Lopez retires

Arizona baseball coach Andy Lopez has made the decision to retire. Read on to see want kind of legacy he leaves behind and more.

TUCSON, Ariz. – Andy Lopez, a 33-year coaching veteran and one of the winningest coaches in college baseball, has announced his retirement as head coach at The University of Arizona. Lopez, who guided the Wildcats to a pair of College World Series appearances and the 2012 national championship, spent the past 14 years at Arizona after previous coaching stints at Cal State Dominguez Hills, Pepperdine and Florida.

“For the past 14 years, I have been extremely honored to be a part of the Arizona baseball program,” Lopez said. “This is a special place with many special people, and I thank everyone at The University of Arizona for the opportunity to finish my career here.”

“There have been a lot of really good moments in my career,” Lopez explained. “I have been lucky to experience an unbelievable amount of success at the places I have coached. But now I am excited for what is ahead for me and my family. And I’m excited for the future of Arizona baseball. This is a great program and it will always be.”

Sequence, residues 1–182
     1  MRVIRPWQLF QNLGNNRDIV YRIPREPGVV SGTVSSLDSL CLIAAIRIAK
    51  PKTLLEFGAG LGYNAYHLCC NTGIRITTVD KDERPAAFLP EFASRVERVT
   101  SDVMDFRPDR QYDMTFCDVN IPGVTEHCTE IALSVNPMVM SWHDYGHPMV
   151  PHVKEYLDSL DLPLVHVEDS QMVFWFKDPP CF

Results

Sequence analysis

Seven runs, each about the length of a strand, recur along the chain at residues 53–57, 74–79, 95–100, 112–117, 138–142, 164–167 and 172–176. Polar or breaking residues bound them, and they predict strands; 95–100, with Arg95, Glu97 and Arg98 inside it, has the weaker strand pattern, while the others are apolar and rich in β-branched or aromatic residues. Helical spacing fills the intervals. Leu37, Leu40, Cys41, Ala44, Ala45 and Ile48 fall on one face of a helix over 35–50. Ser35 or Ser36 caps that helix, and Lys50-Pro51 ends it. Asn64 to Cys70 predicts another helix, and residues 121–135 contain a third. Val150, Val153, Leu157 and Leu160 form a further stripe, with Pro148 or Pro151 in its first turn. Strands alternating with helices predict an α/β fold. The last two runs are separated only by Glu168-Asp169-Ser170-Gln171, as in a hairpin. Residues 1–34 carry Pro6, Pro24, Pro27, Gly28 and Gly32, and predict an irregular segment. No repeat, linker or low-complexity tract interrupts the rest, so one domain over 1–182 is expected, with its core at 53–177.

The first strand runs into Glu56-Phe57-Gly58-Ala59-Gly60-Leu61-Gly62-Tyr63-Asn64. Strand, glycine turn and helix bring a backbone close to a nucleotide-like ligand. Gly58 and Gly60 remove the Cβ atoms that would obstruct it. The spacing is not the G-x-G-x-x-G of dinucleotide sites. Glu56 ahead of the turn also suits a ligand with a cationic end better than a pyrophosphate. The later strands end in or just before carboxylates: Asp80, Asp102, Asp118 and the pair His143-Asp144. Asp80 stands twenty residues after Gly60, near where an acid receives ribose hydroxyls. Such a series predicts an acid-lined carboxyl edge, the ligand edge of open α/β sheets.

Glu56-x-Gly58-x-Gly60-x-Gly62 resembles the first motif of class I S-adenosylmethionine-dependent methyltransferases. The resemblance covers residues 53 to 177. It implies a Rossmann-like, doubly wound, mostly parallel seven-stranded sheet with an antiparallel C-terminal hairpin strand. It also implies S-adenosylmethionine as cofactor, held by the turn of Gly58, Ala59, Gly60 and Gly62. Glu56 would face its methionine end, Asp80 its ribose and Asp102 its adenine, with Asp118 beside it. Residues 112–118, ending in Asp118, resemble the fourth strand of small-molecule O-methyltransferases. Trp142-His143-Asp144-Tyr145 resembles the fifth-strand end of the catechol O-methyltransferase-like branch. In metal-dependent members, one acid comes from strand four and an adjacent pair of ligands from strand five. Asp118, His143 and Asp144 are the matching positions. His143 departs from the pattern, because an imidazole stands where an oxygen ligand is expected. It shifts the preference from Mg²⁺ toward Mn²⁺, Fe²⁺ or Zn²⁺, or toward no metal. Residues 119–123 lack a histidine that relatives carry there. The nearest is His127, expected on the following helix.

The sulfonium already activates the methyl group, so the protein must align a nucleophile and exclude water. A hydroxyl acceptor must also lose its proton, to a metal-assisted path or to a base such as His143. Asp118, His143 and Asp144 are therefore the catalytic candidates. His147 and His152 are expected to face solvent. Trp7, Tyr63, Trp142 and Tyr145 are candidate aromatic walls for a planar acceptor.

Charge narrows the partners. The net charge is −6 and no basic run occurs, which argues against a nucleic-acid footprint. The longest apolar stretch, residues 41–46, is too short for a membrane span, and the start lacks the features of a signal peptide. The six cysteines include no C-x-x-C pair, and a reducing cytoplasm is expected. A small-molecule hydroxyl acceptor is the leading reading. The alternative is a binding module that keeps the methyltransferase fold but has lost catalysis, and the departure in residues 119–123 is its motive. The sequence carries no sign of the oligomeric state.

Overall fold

“I never dreamed this big when I was 12 years old,” Lopez added. “I have loved playing and coaching this game, and it has taken to me all over the world. I have been fortunate to develop life-long relationships that I cherish each and every day, and now I can dedicate more time to the people that mean the most to me.”

Under the direction of Lopez, Arizona restored its championship tradition on the diamond. In 14 seasons at the helm, Lopez led the Wildcats to their first College World Series appearances since 1986, their first regional titles since 1986, their first-ever super regional titles and their first 40-win seasons since 1989. In 2012, Lopez’s club hosted the NCAA Tucson Regional and NCAA Super Regional at Hi Corbett Field, the program’s first time hosting postseason games since 1992.